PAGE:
Many involved in human-centred design (ergonomics, human factors, UX, interaction design, etc) have an internal or external consulting role. Much of the time is spent thinking about task/interaction design, user interfaces, work environment, and many technical and project management issues. In getting caught up with the detail, we can forget something fundamental about consulting. That is, consulting is primarily a relationship business (see Peter Block). If you are a practitioner, client, co-worker or end-user or other project stakeholder, think about the design (or helping) projects that were most successful and enjoyable. Chances are, the quality of the relationships between those involved in the project was a critical factor, and something that you remember fondly. The positive relationships are more often causal to this success than consequential.
If this is so, what facilitates these productive relationships? Research in the helping professions suggests that a key ingredient in effective relationships is empathy. In the context of therapeutic personality change, Carl Rogers argued that empathy within a relationship one of the ‘core conditions’ which create a climate conducive for growth and development. Daniel Goleman cited empathy is one of the five components of emotional intelligence at work, and empathic listening is one of the ‘seven habits of highly effective people’ according to Stephen Covey.
Despite being such a fundamental human capacity, empathy is not often considered in scientific- or engineering-oriented disciplines, but human-centred design consulting involves consulting with people, about people, for people. In effective consulting, perhaps without realising, consultants (and consultees) use empathy to understand the perspectives of others, from their viewpoint. Empathy is a rich and complex concept, it may be viewed as a trait or state of a person, a process and a skill. Empathy is colloquially seen as ‘walking in another’s shoes’. In this sense, empathy can be thought of as ‘perspective taking’; the ability to perceive accurately the frame of reference of another person while maintaining a sense of separateness – the ‘as if’ quality.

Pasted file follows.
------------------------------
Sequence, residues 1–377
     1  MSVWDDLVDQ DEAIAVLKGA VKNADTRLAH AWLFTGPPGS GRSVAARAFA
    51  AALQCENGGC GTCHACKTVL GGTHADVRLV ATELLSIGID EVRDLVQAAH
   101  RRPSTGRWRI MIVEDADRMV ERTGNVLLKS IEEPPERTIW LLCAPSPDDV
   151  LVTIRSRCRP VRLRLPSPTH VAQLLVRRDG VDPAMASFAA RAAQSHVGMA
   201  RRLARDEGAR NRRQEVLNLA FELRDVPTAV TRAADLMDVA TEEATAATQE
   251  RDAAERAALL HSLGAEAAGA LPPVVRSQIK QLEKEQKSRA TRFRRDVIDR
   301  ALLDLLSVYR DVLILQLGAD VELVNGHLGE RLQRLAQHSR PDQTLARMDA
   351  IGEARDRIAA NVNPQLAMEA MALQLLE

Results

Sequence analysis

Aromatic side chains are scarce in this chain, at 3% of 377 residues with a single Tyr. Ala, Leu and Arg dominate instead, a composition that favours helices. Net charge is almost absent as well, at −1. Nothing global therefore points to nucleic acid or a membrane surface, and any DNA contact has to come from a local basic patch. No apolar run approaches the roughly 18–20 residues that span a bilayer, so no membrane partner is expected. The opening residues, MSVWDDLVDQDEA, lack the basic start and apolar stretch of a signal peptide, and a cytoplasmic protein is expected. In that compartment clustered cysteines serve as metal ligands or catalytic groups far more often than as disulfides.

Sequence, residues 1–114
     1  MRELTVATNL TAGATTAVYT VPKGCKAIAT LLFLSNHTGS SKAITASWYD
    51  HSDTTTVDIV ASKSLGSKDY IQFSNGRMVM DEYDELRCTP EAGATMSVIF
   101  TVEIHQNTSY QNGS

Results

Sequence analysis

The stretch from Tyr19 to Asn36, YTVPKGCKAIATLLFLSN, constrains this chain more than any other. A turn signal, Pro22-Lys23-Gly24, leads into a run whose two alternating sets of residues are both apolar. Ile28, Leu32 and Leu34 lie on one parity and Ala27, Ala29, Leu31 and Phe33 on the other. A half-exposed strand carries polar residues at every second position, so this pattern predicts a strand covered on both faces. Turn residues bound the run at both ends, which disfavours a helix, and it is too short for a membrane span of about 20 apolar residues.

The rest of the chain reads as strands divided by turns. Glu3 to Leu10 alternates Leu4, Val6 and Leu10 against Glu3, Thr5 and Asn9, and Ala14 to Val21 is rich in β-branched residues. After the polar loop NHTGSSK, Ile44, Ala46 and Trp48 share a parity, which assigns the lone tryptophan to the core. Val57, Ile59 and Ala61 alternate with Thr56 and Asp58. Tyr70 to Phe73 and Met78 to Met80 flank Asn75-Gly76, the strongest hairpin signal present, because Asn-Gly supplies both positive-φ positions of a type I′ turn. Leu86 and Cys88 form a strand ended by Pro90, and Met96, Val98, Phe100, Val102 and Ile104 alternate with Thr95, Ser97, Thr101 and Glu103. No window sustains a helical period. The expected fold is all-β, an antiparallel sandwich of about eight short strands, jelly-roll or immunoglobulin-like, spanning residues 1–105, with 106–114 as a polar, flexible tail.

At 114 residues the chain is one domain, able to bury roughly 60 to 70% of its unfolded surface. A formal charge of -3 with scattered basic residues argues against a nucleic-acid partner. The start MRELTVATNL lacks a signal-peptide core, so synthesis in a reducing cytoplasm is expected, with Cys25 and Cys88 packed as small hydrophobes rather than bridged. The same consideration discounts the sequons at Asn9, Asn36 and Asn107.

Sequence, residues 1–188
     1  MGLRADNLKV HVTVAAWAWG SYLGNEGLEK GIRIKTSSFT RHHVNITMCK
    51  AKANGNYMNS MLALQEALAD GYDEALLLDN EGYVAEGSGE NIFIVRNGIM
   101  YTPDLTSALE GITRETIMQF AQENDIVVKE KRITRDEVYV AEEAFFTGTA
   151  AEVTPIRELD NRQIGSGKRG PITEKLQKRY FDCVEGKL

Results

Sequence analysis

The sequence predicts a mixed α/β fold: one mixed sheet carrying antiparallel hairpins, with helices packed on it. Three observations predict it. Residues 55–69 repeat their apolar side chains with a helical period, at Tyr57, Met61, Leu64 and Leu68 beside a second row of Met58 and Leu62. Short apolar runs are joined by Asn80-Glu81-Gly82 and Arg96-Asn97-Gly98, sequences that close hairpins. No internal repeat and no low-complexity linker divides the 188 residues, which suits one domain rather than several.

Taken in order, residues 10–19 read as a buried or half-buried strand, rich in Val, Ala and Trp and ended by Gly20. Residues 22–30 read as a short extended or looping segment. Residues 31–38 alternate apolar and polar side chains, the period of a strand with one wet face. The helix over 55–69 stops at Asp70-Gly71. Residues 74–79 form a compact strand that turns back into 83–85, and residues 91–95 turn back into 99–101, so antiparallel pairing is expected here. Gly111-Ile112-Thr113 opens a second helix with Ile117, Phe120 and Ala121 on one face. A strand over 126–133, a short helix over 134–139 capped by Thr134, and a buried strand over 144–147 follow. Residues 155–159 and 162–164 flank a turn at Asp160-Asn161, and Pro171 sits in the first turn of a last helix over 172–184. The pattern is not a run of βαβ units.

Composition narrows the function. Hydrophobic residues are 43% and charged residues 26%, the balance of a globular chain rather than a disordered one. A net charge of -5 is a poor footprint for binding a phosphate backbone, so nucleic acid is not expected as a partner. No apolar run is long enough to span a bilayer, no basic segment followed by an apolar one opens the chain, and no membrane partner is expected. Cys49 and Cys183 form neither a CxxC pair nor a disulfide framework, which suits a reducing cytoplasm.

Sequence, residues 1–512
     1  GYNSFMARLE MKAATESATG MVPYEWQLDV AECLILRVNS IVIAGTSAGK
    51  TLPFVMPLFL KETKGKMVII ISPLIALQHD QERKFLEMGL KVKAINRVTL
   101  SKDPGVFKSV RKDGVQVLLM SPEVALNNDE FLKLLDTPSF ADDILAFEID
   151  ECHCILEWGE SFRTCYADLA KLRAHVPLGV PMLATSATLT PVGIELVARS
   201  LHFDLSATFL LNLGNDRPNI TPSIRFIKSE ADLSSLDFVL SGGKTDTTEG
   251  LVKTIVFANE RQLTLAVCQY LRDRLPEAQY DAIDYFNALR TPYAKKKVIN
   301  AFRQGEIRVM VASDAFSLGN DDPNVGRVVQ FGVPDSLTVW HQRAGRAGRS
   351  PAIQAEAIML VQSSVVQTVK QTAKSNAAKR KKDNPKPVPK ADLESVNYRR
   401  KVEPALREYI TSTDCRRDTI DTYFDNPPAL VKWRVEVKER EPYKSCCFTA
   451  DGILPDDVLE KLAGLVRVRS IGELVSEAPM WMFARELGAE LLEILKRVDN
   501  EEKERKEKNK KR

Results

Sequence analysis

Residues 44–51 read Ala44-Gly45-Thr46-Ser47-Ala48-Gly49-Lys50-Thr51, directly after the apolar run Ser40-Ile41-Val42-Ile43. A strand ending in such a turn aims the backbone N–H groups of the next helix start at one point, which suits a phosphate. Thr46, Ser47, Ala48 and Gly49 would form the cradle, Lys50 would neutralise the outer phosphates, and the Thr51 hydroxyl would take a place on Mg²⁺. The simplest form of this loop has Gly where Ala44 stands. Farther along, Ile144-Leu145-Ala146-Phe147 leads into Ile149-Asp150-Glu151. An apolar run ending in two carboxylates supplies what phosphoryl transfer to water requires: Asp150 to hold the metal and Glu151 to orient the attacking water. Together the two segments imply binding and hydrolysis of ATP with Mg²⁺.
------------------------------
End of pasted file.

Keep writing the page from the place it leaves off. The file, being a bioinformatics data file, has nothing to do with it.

In ‘humanistic design’, we may empathise in several ways, for instance:
- emotionally, e.g. How might a plant worker be emotionally affected by a change to a new shift pattern? How might automation of the more engaging aspects of flying affect a pilot’s job satisfaction?
- cognitively, e.g. How might an air traffic controller’s decision making be affected by a new decision support tool? What might be the side effects of a new and more restrictive procedure introduced without worker involvement?
- physically, e.g. What physical challenges are faced by schoolchildren who must carry very large bags? How are less able travellers ‘disabled’ by the design of buses and trains?
- socially, e.g. What might be the effect of family life of a new product for children? How might new working hours or travel requirements affect workers’ social and community lives?
- ethically and morally, e.g. What is the effect of design decisions to improve the user experience on assembly line workers in the manufacturing plant? What ethical or value tradeoffs might be involved in the decision to purchase a product or service that may have contributed to harm to humans, animals, or the environment?
These questions can be addressed formally though scientific inquiry and informally via empathy. There need be no conflict between the two. Insight gained via empathic listening and observation can complement more formally acquired knowledge to better understand the fit between people and activities, artefacts and environments, and build the relationships that are necessary to improve this fit. An empathic approach can also detect the need for more formal scientific inquiry.